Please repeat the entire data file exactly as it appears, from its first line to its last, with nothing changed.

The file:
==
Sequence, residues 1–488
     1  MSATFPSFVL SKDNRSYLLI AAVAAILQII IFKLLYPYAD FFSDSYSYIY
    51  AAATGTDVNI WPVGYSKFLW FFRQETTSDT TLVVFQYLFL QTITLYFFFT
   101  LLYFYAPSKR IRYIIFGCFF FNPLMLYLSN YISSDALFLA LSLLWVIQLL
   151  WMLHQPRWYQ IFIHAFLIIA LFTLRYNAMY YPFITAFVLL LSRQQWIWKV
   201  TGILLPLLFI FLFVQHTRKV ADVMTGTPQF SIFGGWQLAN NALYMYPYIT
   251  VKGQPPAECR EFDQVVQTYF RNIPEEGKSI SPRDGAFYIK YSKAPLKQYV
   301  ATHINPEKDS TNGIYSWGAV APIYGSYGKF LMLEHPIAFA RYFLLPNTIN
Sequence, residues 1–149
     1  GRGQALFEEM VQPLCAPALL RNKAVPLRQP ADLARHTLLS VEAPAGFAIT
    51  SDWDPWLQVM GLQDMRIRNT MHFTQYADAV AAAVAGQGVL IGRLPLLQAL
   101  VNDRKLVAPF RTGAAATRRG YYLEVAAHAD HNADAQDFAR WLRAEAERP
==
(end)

Sequence, residues 1–488
     1  MSATFPSFVL SKDNRSYLLI AAVAAILQII IFKLLYPYAD FFSDSYSYIY
    51  AAATGTDVNI WPVGYSKFLW FFRQETTSDT TLVVFQYLFL QTITLYFFFT
   101  LLYFYAPSKR IRYIIFGCFF FNPLMLYLSN YISSDALFLA LSLLWVIQLL
   151  WMLHQPRWYQ IFIHAFLIIA LFTLRYNAMY YPFITAFVLL LSRQQWIWKV
   201  TGILLPLLFI FLFVQHTRKV ADVMTGTPQF SIFGGWQLAN NALYMYPYIT
   251  VKGQPPAECR EFDQVVQTYF RNIPEEGKSI SPRDGAFYIK YSKAPLKQYV
   301  ATHINPEKDS TNGIYSWGAV APIYGSYGKF LMLEHPIAFA RYFLLPNTIN
Sequence, residues 1–149
     1  GRGQALFEEM VQPLCAPALL RNKAVPLRQP ADLARHTLLS VEAPAGFAIT
    51  SDWDPWLQVM GLQDMRIRNT MHFTQYADAV AAAVAGQGVL IGRLPLLQAL
   101  VNDRKLVAPF RTGAAATRRG YYLEVAAHAD HNADAQDFAR WLRAEAERP